German version of the Bible prepared by Martin Luther and several
associates in Wittenberg.
page of Luther's German Bible, 1541
with earlier German versions of the Bible, Luther
prepared his fresh German version of the New Testament on the basis
of the Greek text of Erasmus. Luther's
translation appeared in 1522. This was followed in 1534 by a German
rendition of the Old Testament on the basis of the Hebrew text, prepared
by Luther and several associates in Wittenberg, including Philip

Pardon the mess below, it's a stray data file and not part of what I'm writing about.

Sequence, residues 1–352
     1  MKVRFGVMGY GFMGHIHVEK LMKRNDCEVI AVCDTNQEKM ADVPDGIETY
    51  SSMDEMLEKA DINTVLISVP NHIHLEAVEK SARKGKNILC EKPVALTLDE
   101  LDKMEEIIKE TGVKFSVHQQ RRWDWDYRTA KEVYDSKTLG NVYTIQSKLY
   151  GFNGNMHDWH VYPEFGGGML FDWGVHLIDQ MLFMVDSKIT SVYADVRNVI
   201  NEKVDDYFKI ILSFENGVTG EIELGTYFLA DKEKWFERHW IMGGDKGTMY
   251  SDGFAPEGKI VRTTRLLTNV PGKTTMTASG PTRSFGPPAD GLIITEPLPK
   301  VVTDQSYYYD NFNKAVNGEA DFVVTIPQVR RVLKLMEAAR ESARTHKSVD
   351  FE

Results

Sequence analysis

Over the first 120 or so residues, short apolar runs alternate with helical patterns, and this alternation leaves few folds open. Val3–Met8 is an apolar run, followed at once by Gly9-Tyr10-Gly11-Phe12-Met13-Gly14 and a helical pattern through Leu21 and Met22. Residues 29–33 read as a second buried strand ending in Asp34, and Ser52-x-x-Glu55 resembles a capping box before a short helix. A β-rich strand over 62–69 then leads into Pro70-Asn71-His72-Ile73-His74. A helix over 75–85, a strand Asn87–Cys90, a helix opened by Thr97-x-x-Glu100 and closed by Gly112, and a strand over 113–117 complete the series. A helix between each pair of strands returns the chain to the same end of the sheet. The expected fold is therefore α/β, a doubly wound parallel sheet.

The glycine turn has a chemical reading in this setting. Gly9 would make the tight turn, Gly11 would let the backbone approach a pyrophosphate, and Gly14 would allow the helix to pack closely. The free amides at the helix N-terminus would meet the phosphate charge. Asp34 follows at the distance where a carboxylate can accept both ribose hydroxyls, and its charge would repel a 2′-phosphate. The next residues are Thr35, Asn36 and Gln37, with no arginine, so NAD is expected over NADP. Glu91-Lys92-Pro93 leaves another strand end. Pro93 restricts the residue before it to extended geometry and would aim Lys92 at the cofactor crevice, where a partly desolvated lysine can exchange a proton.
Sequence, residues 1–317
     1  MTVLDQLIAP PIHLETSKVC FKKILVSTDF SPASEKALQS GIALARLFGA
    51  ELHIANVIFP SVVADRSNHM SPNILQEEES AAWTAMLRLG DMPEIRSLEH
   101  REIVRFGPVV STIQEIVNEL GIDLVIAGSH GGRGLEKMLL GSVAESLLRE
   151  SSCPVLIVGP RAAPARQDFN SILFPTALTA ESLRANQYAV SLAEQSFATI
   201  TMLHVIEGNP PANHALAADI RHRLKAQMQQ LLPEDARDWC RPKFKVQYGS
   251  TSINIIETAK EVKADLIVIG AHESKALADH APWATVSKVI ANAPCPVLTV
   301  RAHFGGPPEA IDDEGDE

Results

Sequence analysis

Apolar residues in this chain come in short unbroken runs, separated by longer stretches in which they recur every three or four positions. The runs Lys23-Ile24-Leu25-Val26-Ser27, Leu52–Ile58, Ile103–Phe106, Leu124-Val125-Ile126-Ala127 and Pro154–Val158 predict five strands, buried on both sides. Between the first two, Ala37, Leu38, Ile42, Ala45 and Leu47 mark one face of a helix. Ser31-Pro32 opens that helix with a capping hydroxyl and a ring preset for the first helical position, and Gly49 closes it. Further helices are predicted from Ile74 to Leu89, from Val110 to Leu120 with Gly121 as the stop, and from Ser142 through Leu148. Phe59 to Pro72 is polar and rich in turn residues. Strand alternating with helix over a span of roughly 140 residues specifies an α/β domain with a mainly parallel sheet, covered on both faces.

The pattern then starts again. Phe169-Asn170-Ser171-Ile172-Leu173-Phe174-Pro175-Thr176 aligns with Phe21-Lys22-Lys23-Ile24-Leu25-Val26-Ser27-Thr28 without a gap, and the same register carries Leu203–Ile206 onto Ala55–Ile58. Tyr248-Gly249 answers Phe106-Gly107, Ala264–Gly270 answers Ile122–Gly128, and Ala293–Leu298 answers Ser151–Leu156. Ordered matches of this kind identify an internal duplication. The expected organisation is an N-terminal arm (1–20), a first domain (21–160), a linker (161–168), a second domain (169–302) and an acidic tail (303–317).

Melanchthon and Johannes
Bugenhagen. Translated into a fresh and homely high German, this
Bible helped shape both Lutheran piety and the German language for centuries
to come. The translation itself was governed not only by prevailing
knowledge of the ancient languages but by evangelical theology. Luther
did not, for example, restrain himself from adding a controversial "alone"
in his translation of Romans 3:28: "For we hold that a man is justified
by faith alone apart from the works of the law." While Luther
was aware that this was not a literal translation, he thought the message
of the passage required the interpolation. Luther's prefaces to the
Old and New Testaments as well as his introductions to the books of
the Bible provided basic theological and devotional reading for Lutherans
as long as his Bible remained in common use.